|Name John Brewer|
John David Brewer MRIA FAcSS FRSA is an English sociologist, former President of the British Sociological Association (2009–12), and Professor of Post Conflict Studies in the Institute for the Study of Conflict Transformation and Social Justice at Queen's University Belfast. He was formerly Sixth-Century Professor of Sociology at the University of Aberdeen.
Born in Ludlow, Shropshire, England, in 1951, he lived in nearby Cleobury Mortimer until he went to university. He has taught in numerous universities in the UK, United States and Australia. He is the author and co-author of fifteen books, the editor or co-editor of a further three, as well as a contributor to numerous publications.
Brewer was educated at the Universities of Nottingham and Birmingham. He was Professor of Sociology, and former Head of Department of Sociology (2004–2007), at Aberdeen University, moving from Queen’s University, Belfast in July 2004, to which he returned in 2013 as its first Professor of Post Conflict Studies. He was Head of the School of Sociology and Social Policy at Queen’s between 1993-2002. Brewer taught at the University of East Anglia before moving to Queen’s in 1981. He has held visiting appointments at Yale University (1989), St John’s College, Oxford (1992), Corpus Christi College, Cambridge (2002) and the Research School of Social Sciences at the Australian National University (2003). He was awarded a Leverhulme Trust Research Fellowship in 2007-2008.
Brewer is a Fellow of the Royal Society of Arts (elected 1998), an Academician in the Academy of Social Sciences (elected 2003), a Member of the Royal Irish Academy (elected 2004), only the third sociologist to be elected in the Academy’s 217-year history, and a Fellow of the Royal Society of Edinburgh (elected 2008).
He has been Chair of the British Sociological Association (2004–2006), President (2009-2012), a member of the National Committee for Economics and Social Science of the Royal Irish Academy (1997–1999), and a Board Member of the ESRC’s Training and Development Board (2005–2007). Brewer has been a member of the International Assessment Panel of the Irish Research Council for the Humanities and Social Sciences (2002–2007), and sat on its Governing Council (2008–12). He was also a member of the ESRC’s Virtual Research College (2005–10). He now sits on the Council of the Irish Research Council (2012-)and the Academy of Social Sciences in the UK (2012-). In 2001, he became a member of the Institute of Learning and Teaching in Higher Education. In 2010 he was appointed to the United Nations' Roster of Global Experts for his expertise on peacebuilding.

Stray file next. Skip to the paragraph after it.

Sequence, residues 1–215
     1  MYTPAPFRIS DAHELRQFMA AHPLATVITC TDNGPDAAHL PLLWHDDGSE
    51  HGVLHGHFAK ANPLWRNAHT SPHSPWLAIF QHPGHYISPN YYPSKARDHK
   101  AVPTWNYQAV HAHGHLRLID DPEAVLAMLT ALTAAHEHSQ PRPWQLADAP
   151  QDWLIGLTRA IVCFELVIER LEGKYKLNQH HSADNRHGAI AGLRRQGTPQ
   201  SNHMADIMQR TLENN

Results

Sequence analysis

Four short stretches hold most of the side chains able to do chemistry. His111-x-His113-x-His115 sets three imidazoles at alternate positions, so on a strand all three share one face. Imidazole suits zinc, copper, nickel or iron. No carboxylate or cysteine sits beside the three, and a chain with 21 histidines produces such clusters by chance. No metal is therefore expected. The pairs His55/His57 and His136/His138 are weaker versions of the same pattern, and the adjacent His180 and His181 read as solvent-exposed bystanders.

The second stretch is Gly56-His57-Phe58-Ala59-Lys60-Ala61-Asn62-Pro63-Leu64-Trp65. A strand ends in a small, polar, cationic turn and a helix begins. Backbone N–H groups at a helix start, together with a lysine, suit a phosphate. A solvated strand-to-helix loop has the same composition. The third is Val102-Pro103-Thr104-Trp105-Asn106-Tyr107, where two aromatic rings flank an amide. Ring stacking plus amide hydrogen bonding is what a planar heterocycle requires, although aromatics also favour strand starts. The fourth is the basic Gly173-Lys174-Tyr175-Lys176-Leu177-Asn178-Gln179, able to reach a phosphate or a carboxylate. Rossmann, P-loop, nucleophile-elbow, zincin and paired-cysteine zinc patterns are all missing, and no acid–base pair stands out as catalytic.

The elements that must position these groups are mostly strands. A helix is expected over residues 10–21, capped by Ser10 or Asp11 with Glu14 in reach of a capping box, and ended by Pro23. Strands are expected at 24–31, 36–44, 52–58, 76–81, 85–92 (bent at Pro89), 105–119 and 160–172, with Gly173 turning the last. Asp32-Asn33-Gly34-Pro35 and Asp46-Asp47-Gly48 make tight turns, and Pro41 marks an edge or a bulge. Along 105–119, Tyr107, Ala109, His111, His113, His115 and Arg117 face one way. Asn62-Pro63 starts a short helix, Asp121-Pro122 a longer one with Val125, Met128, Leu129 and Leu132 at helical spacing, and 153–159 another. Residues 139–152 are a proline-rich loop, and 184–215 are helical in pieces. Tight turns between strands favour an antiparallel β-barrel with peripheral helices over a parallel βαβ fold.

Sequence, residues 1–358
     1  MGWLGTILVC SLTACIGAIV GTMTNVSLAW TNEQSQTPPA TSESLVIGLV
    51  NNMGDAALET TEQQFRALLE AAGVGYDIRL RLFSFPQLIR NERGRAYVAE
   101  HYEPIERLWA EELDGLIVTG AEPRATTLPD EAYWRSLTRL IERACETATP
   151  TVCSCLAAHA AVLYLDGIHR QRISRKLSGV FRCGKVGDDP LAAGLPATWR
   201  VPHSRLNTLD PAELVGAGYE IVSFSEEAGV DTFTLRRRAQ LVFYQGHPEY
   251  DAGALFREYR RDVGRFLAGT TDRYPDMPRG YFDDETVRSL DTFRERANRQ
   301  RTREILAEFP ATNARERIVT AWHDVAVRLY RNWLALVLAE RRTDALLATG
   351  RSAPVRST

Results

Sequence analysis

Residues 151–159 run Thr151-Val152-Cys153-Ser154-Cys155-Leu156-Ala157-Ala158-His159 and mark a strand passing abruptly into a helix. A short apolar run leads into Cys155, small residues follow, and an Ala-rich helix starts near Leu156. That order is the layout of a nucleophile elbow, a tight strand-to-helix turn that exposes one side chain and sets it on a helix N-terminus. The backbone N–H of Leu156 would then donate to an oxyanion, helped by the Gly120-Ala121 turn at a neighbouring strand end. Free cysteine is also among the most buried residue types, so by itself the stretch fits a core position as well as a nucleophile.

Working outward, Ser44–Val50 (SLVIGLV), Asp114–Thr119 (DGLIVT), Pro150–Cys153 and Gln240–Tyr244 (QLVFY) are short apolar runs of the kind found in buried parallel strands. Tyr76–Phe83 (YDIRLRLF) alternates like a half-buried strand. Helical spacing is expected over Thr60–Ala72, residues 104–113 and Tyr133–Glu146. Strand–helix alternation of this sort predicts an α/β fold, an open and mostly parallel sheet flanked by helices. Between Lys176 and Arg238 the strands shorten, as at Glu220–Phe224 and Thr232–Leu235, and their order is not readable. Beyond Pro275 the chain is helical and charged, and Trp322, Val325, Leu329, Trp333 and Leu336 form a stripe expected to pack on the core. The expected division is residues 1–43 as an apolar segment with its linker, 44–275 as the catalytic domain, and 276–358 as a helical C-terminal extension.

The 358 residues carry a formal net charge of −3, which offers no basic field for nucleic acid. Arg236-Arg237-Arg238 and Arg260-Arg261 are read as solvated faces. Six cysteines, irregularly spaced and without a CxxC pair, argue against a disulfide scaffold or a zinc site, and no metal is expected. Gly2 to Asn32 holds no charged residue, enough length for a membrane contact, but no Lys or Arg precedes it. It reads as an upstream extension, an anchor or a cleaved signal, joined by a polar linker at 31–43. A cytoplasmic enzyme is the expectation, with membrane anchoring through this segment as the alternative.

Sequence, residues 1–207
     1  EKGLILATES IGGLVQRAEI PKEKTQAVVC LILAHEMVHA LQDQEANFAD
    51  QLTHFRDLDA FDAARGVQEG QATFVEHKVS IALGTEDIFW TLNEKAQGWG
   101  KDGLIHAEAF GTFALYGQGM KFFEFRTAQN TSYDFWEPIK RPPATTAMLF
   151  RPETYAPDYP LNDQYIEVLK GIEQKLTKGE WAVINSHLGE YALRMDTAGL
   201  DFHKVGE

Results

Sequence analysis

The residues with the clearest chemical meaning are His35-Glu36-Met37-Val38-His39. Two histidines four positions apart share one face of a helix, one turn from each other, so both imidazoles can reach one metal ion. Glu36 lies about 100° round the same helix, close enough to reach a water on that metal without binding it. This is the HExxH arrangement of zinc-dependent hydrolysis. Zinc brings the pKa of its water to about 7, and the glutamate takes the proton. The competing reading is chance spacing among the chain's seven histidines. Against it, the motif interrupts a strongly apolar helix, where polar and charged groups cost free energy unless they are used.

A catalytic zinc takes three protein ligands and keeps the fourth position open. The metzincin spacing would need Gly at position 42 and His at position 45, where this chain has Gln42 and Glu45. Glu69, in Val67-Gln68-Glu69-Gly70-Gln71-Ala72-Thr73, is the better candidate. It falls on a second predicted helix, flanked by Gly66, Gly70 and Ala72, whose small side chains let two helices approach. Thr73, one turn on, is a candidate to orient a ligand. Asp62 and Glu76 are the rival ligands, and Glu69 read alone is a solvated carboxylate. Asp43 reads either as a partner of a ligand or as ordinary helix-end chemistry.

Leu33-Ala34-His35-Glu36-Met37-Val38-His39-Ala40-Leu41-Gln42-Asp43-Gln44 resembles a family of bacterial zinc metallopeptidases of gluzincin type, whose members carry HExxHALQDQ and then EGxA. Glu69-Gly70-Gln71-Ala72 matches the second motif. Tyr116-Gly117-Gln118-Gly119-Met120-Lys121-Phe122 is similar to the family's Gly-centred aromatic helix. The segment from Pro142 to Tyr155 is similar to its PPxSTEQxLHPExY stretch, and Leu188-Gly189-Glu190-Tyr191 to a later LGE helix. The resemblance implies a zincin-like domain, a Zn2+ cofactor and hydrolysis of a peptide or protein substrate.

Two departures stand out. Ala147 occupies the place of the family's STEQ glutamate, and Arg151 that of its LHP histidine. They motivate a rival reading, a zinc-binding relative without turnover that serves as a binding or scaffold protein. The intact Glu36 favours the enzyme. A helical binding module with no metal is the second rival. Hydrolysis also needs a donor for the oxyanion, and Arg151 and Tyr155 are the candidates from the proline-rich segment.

Brewer is author and co-author of fifteen books including, Inside the RUC (Clarendon Press, Oxford); After Soweto (Clarendon Press, Oxford); Black and Blue (Clarendon Press, Oxford); Crime in Ireland 1945-95 (Clarendon Press, Oxford); Police, Public Order and the State (Macmillan; now in its 2nd edition); Anti-Catholicism in Northern Ireland 1600-1998 (Macmillan); Ethnography (Open University Press); C. Wright Mills and the Ending of Violence (Palgrave); Peace Processes: A Sociological Approach (Polity Press); Religion, Civil Society and Peace in Northern Ireland (Oxford University Press); 'Ex-Combatants, Religion and Peace in Northern Ireland (Palgrave); and The Public Value of the Social Sciences (Bloomsbury). He is also editor of Can South Africa Survive and Restructuring South Africa, both with Macmillan, and co-editor of A-Z of Social Research with Sage. Brewer has over 30 contributions in edited collections and 40 peer reviewed articles in journals such as British Journal of Sociology (seven times); Sociology (five times); Sociological Review (three times); Ethnic and Racial Studies (three times); as well as contributions to Archives Europeennes de Sociologie; Human Studies; History of Human Sciences; American Behavioral Scientist; Sociology of Health and Illness; International Journal of Comparative Sociology; and Sociolinguistics and African Affairs (three times); amongst others. In total, he has earned grant income to the value of £6.4 million. Most recently he was awarded £1.26 million from the Leverhulme Trust to undertake a five-year study of compromise amongst victims of communal conflict.
Brewer publishes in the following areas: crime and policing; religion and ethno-religious conflict; the sociology of the Bible; peace processes and post-violence adjustments; qualitative research methodology; especially ethnography; Adam Ferguson and the Scottish Enlightenment; and, interpretative sociological theory.